I REFER to the article “Let’s talk about sex... education” (The Star, Star2, March 21).
It looks like the topic of sex education in school is in the limelight again, but should it be taught as a full-fledged subject or integrated into existing subjects like Biology, Moral/Religious Studies, and Physical and Health Education?
What depth and width should the contents be at different levels in primary and secondary education?
There are also concerns about the “right” pedagogy and teachers’ readiness to handle the task.
Nevertheless, it is unreservedly agreed that the time has come for sex education to be an integral part of our school curriculum.
So, how do we go about it?
Let me share my two-sen worth of experience and opinion.
First, there is no doubt that the Education Ministry has or can engage qualified and expert personnel to draw up the relevant curriculum and syllabus and write the necessary texts and modules.
Next, the schools will be asked to send teachers to attend short in-service exposure courses. After that, they will shoulder the responsibility of imparting the knowledge to their students.
This is the normal and proven procedure whenever a “new” subject is introduced.
Sex education, however, is different as it is a sensitive and even controversial subject.
Teachers entrusted with the task should be well versed with the cognitive contents of the subject. They should also have the maturity, experience and professionalism in handling and giving counsel on any emotional, physical as well as spiritual aspect that may arise, and this is quite a tall order even for experienced teachers.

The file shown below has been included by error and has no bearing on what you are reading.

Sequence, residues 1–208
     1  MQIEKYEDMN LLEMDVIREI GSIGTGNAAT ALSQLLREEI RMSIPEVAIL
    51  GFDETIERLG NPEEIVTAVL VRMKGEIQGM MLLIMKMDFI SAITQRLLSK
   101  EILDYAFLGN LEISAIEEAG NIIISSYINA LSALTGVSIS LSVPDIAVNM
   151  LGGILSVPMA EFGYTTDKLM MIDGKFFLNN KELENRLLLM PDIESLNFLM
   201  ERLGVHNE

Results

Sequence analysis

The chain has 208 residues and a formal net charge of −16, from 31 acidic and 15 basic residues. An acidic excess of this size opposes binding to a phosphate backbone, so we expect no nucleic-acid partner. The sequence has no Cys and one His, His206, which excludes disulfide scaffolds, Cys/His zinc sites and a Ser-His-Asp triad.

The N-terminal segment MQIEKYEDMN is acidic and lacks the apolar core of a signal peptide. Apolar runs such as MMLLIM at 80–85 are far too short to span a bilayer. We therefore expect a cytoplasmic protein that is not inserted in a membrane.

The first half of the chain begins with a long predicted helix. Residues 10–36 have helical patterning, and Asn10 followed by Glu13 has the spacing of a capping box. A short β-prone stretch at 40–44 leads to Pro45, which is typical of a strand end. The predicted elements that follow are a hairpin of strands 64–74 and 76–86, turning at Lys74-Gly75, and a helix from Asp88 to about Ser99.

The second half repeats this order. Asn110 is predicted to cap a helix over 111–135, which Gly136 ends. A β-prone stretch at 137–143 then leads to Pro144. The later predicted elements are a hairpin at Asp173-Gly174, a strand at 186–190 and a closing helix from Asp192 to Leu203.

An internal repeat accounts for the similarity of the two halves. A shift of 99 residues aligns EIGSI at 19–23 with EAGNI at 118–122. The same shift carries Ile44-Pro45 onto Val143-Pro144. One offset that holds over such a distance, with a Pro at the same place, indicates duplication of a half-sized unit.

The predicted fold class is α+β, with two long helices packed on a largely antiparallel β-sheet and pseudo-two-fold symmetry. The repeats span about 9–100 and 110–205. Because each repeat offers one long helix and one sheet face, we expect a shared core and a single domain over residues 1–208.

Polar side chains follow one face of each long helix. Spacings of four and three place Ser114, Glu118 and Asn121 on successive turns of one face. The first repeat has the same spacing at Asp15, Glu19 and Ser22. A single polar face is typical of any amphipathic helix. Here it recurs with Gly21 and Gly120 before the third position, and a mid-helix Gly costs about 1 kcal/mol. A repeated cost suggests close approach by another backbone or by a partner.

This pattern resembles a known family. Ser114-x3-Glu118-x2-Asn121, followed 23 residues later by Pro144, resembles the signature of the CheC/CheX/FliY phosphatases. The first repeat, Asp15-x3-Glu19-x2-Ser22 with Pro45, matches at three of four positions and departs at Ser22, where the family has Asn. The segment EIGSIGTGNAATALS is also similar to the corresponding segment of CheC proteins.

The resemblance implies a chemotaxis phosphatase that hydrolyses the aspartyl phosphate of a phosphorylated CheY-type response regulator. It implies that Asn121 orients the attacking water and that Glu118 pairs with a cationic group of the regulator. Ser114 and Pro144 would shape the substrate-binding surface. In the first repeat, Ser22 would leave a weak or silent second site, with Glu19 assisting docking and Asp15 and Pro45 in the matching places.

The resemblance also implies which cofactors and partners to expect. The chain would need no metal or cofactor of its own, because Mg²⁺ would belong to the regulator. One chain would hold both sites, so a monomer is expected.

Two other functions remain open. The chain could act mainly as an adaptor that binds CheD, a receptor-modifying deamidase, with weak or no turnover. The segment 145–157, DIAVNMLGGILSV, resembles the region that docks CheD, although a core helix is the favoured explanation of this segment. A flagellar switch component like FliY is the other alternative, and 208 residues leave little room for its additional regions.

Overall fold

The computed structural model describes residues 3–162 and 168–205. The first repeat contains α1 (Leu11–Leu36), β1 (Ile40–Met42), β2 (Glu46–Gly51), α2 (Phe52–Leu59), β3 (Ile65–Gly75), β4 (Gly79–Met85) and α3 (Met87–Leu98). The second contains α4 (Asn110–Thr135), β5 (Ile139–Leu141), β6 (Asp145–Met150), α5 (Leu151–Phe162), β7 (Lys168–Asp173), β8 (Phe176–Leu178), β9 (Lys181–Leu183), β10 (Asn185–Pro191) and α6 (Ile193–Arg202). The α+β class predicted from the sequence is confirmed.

The reality is that most teachers sent to attend these courses would be those whose personal teaching time-tables are not yet full. They are the “general” teachers, at least for the duration of the particular school year, who normally teach a number of the “not so important” subjects.
The “specialist” teachers, on the other hand, would already have their teaching time table filled to the brim. They are in charge of examination subjects and cannot be spared to teach subjects like sex education, which most likely would not be an examination subject.
So, given the noble aims of sex education and the inescapable responsibility to teach it, aren’t our schools in a catch-22 situation?
If sex education is to be implemented, the ministry has to come to the rescue of schools at the earliest stage. The ministry can engage expert teachers to first conduct a series of model multimedia teaching sessions that will impart formal knowledge of the subject. Next, expertly designed interactive follow-up tutorial sessions can be prepared. These tutorials will partly or sufficiently take care of the other aspects of the subject matters as mentioned above. All these teaching sessions can be recorded in compact discs (CDs) or computer storage devices that can be distributed to schools for use by teachers.
The classroom teacher will act as facilitator and school counsellors can be called in to help in any tutorial session if it becomes difficult.
In this way, much pressure would be taken away from the “general” teachers tasked with a sensitive and controversial subject. It would also prevent the subject matters from being unduly handled by zealous teachers.
Given time, teachers in schools will gain the necessary exposure and feedback and hence the confidence to handle the subject.
LIONG KAM CHONG